NEW YORK, July 14 (IFR) - The steady supply of Argentinian bonds to the US dollar primary markets continued on Thursday with Banco de Galicia y Buenos Aires, Petrobras Argentina and CLISA announcing the sale of close to US$1bn of new paper.
Thursday’s deals largely received a positive reception in the current risk-on environment despite signs of indigestion after some US$6bn in Argentine supply in June.
Banco de Galicia, rated B3/B-, tested the waters with a US$250m 10-year non-call five - the country’s first-ever Basel III compliant, Tier 2 bond. The bond is expected to be rated Caa1/CCC.
The deal drew a decent crowd as investors sought to gain exposure to one of the country’s largest banks and to a sector that is likely to benefit from President Mauricio Macri’s market friendly policies.
Price discovery was somewhat tricky however, given the lack of comparables in Argentina and elsewhere in Latin America.
“Current price talk is certainly aimed toward compensating investors for this uncertainty, but it is hard to say where this deal will settle longer term given its unique nature,” said Jason Trujillo, an analyst at Invesco.
Indeed, leads Deutsche Bank and JP Morgan were able to ramp in pricing from very high 8% to a final yield of 8.25%. They still offered however a decent pick up to the sovereign’s 2021s and 2026s that were trading at 5.09% and 6.25%, respectively.
Other Argentine banks are likely to follow with loss absorbing Basel III capital deals as the country’s economy starts to grow and financial institutions begin to lend more.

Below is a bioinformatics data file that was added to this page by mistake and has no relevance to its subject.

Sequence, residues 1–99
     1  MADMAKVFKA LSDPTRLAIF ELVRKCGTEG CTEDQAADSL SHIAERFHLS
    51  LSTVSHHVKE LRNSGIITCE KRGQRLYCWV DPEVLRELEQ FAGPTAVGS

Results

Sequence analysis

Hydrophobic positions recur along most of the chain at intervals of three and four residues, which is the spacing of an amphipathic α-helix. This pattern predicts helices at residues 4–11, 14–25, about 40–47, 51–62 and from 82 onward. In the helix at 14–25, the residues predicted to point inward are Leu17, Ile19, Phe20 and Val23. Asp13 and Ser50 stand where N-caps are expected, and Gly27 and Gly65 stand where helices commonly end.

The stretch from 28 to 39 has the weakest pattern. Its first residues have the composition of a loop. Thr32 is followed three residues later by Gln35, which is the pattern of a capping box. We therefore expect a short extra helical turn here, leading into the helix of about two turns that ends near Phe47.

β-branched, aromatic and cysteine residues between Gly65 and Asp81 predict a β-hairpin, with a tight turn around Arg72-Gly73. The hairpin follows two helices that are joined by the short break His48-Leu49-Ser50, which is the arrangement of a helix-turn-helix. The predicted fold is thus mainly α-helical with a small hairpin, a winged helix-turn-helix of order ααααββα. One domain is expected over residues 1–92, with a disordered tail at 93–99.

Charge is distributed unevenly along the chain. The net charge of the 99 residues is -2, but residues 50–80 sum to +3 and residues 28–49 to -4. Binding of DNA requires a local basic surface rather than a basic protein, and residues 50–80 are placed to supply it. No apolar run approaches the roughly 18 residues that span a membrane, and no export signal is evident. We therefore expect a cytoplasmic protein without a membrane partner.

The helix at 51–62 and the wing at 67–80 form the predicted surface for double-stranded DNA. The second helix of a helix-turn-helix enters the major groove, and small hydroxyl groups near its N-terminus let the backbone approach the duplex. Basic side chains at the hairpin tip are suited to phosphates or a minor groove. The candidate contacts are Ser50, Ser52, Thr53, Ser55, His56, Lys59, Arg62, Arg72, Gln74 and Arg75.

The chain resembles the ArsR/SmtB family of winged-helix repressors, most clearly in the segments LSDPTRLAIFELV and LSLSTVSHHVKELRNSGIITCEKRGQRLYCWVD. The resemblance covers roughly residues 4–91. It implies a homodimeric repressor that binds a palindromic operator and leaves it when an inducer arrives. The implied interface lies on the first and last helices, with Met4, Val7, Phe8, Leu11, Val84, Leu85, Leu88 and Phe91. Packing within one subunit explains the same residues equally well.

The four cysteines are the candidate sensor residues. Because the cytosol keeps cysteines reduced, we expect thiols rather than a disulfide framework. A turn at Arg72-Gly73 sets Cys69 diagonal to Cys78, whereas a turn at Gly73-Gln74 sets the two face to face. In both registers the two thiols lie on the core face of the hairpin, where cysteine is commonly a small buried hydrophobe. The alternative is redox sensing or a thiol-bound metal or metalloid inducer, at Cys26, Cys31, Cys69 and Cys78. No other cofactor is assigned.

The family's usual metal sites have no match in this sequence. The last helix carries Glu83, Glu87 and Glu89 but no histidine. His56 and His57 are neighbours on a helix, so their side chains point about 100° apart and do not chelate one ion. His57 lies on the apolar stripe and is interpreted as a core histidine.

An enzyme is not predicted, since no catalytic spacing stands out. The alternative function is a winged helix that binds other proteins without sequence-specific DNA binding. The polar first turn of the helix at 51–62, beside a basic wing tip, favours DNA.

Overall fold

“All the other banks will try to do the same,” said an investor. “They need to grow through lending and (hence) will need more capital going forward.”
In a market that is putting a premium on liquidity, Banco de Galicia’s deal size could pose problems for some, however.
“There aren’t too many options to invest in financials in Argentina and Galicia is one of the biggest plays in the country,” said Joaquin Almeyra, a fixed-income trader at Bulltick in Miami. “The problem is the size (of the deal).”
Almeyra thinks that Argentine corporate’s inability to offer sizable trades - unlike companies from a larger economy like Brazil - is likely to put off some investors and prevent some of the country’s issuers from coming to market.
The relatively small size of an up to US$200m bond from Celulosa Argentina was thought to be one of the reasons why the pulp and paper company was forced to pull its deal on Wednesday.
Infrastructure firm CLISA, rated B-/B-, may have faced similar complaints from investors wary of illiquid issues after it downsized its seven-year non-call four bond on Thursday to US$200m from US$300m before launching at 9.75%.
In contrast, a seven-year non-call four from Petrobras Argentina proved popular among accounts who liked the US$500m benchmark size.
Leads have been able to squeeze guidance from IPTs of 8% area to 7.75% area (+/- 12.5bp) before launching at an even tighter yield of 7.50%.
At that level, Petrobras Argentina is pricing near flat to YPF’s curve where, according to Thomson Reuters data, the 2024s and 2025s are trading at around 7.20% and 7.55%.
That troubled Brazilian oil company Petrobras is selling its Argentine unit to local operator Pampa Energia was also an added plus for some accounts.
Proceeds from Thursday’s bond will help Petrobras Argentina fund a tender for existing 2017s, whose change of control clause will be triggered on the back of Pampa Energia’s acquisition. (Reporting By Paul Kilby; editing by Shankar Ramakrishnan)